Arbitrage goes global
One important application of arbitrage arises when we consider exchange rates and multi-national corporations. Lets say that you live in Germany, where interest rates are low. If you borrow money at a 1% interest rate in Germany and invest the money in a Brazilian bank account with a 5% interest rate, you will obviously make money. If you are a very wise person and buy a forward contract¹ that ensures you will receive the same interest rate when you convert your money back from Brazilian pesos to German euros, you are practicing covered interest arbitrage. Investors who are covered (or protected) from foreign exchange risk are practicing risk-free arbitrage.
The disparities between the interest rates of assets or prices of goods in different countries are positive for those trying to make money, but negative for multi-national corporates and global consumer welfare. The wonderfully idealistic condition under which interest rates (or whatever) for assets in different countries are identical once exchange rates are factored in is known as interest rate parity. Interest rate parity is a zero-arbitrage condition, meaning, when it applies there is no opportunity to make money due to price differences—they don’t exist.
How does arbitrage impact the world?
The most wonderful result of arbitrage (and the corresponding entrepreneurial folks trying to take advantage of money-making opportunities) is the global price convergence that it causes. Arbitrage ensures that prices remain consistent across markets and helps them do so globally. How quickly markets correct or recognize mispricings is resultantly a measure of market efficiency—a very efficient market like America’s NYSE would correct a stock mispricing instantaneously, but smaller stock exchanges might not do so as quickly. The opportunistic search for ways to make money off of market mistakes ends up driving prices and rates much closer to their true valuations, benefitting us all.
An interesting measure of price convergence and interest rates globally is known as purchasing power parity. Purchasing power parity, or PPP, examines the cost of a bundle of goods or a good in different countries to determine if interest rates are accurate and prices similar. PPP thus serves as a measure of both consumer welfare and purchasing power. The best and most fun example of PPP is the Big Mac index, which as the name implies examines the prices of Big Macs all over the world.
“The Big Mac index was invented by The Economist in 1986 as a lighthearted guide to whether currencies are at their “correct” level. It is based on the theory of purchasing-power parity (PPP), the notion that in the long run exchange rates should move towards the rate that would equalise the prices of an identical basket of goods and services (in this case, a burger) in any two countries.“ - The Economist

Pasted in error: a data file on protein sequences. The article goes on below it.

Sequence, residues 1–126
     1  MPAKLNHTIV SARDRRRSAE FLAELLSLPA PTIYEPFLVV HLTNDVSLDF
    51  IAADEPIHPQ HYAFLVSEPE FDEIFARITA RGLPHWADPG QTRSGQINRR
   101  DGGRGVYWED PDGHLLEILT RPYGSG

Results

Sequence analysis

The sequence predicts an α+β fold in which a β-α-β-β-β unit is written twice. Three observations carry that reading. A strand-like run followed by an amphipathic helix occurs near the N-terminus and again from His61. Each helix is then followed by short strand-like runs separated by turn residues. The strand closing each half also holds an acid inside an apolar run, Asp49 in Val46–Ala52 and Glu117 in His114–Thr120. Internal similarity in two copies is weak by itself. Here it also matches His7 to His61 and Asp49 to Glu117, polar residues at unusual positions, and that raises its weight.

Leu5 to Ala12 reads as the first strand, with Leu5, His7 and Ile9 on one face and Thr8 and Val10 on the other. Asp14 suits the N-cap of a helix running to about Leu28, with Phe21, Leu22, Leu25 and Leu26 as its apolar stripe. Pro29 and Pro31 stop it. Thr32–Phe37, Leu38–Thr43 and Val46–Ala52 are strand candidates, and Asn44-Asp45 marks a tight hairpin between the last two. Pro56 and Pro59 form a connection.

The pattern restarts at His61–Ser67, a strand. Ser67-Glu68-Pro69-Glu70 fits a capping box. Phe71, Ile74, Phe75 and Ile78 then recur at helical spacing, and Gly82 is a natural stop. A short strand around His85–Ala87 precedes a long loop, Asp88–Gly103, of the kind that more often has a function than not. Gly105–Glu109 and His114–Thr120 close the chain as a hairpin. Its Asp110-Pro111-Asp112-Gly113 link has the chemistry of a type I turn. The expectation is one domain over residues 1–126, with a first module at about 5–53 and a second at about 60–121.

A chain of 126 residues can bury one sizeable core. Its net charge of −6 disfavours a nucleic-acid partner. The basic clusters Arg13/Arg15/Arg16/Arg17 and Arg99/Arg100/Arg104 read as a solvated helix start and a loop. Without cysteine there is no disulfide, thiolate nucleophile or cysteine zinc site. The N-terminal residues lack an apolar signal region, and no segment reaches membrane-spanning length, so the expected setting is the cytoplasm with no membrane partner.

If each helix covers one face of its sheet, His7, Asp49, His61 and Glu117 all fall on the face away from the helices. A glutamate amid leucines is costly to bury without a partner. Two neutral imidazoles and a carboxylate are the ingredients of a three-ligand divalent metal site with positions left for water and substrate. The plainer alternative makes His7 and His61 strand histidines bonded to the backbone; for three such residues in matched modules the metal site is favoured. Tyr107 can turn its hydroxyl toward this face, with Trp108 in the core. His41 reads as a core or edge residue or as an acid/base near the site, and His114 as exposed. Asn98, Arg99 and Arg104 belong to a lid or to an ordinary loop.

Arbitrage and you
If you work in corporate finance, international business, or bank's foreign exchange division, some form of the concepts discussed above will likely come up. Understanding and being able to account for interest rate and other risk is critical to running a successful multi-national business or doing business with international partners. Even international eBay sellers would be wise to consider interest rate implications of their transactions. If you only remember one thing from this article, remember the world "arbitrage" so that you can sound fancy when people describe their opportunistic ventures.
Most writings on the topic of arbitrage are either extremely simplistic definitions or complex theoretical papers, so finding a medium ground can be hard. If you want to learn more, the Wikipedia pages for arbitrage, interest rate parity, or purchasing power parity are your best bets.
¹For those unfamiliar, a forward contract can be customized for nearly any security, currency, or whatever to ensure a locked-in price of exchange in the future. Foreign exchange risk among highly developed currencies is fairly low, but if a multi-national company had employees on payroll in another country, they would want to ensure that at pay day they weren’t forced to pay an exchange rate that had increased by .005%. The small percentage doesn’t seem like a lot, but when applied to millions of dollars could have a large impact. Thus, multi-national companies and business people might buy forward contracts to ensure they will be able to fulfill commitments at a given price.